When you've filled in the boxes and clicked on the calculate button, you'll get a rough estimate of the amount of child support that the noncustodial parent will have to pay to the custodial parent.
To calculate the amount of support under Georgia's current child support guidelines, you may also use the official Georgia Child Support Calculator from the state's Child Support Commission. You'll need to sign up, create a login, and create a child support worksheet. This worksheet will be one of the forms that you'll submit to the court along with your divorce papers and request for child support (more on that below).
Georgia's child support guidelines take into account both parents' income, how many children need support, and the amount of time each parent spends with their children. The state presumes that the amount calculated under the guidelines is appropriate, but you may argue that a different amount would be better in your situation. Whether you and the child's other parent have agreed on a support amount that departs from the guideline or a judge decides for you, the judge will have to find that a strict application of the guidelines would be unjust or inappropriate and that a different amount would be in the child's best interests.
Learn more about how child support works in Georgia, including factors judges must consider when deviating from the guidelines, what gets counted as income when calculating support, and adjustments for things like child care and health insurance.
Typically, you'll apply for child support as part of the process of filing for divorce in Georgia. You'll include your completed child support worksheets along with the other divorce papers.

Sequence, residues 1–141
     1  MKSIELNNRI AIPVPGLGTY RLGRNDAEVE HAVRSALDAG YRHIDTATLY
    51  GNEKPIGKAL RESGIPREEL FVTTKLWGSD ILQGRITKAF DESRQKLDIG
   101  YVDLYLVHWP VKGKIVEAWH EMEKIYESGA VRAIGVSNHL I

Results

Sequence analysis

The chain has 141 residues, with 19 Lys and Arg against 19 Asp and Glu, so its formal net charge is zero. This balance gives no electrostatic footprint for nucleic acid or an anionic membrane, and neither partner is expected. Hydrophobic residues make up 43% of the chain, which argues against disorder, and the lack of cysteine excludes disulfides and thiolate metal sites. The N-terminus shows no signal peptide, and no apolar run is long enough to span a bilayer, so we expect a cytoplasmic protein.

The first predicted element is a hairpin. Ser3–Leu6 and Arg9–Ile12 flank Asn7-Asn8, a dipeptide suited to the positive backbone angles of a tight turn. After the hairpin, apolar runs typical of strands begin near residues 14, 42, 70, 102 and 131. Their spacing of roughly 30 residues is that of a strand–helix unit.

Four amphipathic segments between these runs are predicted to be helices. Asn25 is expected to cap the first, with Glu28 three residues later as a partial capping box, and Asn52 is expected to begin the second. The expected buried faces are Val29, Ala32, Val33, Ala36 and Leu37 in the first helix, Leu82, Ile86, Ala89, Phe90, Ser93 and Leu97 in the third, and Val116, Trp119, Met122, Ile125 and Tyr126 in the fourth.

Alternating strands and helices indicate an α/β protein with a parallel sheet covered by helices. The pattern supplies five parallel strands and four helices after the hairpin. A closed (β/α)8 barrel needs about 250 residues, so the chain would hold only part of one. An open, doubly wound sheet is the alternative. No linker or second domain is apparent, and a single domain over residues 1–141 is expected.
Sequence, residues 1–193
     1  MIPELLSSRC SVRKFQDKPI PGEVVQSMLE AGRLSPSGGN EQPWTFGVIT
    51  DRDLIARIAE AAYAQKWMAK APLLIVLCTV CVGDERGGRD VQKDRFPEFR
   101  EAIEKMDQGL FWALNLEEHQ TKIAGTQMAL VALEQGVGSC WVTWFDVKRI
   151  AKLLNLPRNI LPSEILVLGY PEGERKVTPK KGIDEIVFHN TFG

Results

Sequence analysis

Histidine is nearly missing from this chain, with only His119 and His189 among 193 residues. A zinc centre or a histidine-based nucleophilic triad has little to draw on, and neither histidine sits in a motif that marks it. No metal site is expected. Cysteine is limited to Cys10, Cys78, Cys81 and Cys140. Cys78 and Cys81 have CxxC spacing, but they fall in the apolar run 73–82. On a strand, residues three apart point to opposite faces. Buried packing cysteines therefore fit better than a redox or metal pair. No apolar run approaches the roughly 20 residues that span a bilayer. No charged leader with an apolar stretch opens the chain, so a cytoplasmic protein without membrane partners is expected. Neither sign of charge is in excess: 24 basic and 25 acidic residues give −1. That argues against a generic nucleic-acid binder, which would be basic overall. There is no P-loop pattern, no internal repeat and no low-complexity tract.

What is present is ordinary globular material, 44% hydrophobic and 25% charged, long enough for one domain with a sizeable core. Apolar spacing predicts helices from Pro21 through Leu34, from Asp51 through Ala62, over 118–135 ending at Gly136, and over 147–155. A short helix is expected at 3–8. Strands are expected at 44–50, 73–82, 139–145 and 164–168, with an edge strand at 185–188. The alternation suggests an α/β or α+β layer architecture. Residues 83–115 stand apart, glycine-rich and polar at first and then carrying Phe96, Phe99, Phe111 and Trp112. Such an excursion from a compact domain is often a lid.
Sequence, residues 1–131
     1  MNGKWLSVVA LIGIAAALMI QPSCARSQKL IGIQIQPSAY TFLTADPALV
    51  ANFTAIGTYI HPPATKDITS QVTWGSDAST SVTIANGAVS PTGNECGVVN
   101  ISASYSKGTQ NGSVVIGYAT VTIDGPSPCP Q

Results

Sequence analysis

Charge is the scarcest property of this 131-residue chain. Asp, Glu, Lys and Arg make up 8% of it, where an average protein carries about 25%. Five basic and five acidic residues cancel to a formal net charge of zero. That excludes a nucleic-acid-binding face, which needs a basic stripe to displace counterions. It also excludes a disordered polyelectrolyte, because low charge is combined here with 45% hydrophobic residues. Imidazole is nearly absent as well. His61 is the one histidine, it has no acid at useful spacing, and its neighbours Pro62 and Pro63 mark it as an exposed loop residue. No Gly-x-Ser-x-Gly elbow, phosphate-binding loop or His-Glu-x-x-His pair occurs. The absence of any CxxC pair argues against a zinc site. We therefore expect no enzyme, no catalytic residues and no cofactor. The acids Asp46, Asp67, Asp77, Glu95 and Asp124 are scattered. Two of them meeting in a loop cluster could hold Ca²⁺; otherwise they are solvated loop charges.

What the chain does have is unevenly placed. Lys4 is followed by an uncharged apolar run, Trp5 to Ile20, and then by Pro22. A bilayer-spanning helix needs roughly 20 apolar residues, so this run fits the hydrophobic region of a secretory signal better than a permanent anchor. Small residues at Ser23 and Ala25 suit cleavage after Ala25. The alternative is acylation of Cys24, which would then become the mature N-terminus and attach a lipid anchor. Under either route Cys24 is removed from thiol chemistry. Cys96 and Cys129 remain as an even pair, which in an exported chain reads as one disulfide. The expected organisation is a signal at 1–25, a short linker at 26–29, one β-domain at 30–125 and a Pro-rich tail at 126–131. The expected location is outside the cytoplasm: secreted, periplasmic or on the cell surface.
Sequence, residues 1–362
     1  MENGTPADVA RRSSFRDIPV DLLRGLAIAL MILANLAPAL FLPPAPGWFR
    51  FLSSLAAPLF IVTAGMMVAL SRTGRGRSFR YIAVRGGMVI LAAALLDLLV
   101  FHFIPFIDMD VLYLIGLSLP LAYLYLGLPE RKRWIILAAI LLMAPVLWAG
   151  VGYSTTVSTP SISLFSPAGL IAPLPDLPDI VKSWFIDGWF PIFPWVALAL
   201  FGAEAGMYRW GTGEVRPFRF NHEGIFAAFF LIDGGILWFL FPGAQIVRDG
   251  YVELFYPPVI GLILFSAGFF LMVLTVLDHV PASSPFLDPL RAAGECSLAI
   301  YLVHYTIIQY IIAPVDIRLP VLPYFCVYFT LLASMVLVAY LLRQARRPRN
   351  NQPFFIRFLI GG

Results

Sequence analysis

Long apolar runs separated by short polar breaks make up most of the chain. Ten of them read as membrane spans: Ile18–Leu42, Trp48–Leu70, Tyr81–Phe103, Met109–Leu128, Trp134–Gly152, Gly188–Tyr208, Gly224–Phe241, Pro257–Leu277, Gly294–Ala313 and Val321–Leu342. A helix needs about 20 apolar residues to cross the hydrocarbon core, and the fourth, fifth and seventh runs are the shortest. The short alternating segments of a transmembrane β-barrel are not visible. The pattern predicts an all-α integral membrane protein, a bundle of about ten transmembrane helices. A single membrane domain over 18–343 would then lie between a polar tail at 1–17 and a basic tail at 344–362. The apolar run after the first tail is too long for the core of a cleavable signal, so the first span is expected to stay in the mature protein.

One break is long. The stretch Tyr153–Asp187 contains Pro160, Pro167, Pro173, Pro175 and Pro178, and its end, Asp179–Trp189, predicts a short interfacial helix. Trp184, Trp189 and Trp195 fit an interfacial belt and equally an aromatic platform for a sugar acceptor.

If you aren't married to your child's other parent, you may get help with requesting support by applying for child support services from the Division of Child Support Services (DCSS) in the Georgia Department of Human Resources. If needed, the DCSS may also help with establishing the child's legal paternity or parentage and locating absent parents.
If you're having trouble collecting support payments, the Georgia DCSS can also help enforce court-ordered child support by withholding support from paychecks, intercepting workers compensation benefits and unemployment benefits, reporting delinquent parents to the credit bureaus, revoking licenses (professional and otherwise) and other actions. The Georgia Family Support Registry will collect and process all court-ordered child support payments.
Either parent may request a modification in the amount of child support in Georgia. Generally, you'll need to demonstrate that there has been a significant change in circumstances, such as a parent's involuntary job loss.
You may request a review of your current child support order from the Georgia DCSS. However, the review process could take up to six months (or even longer if the other parent lives in another state). You also have the option of filing a request directly with the court. But without DCSS assistance, you should consider speaking with a family lawyer.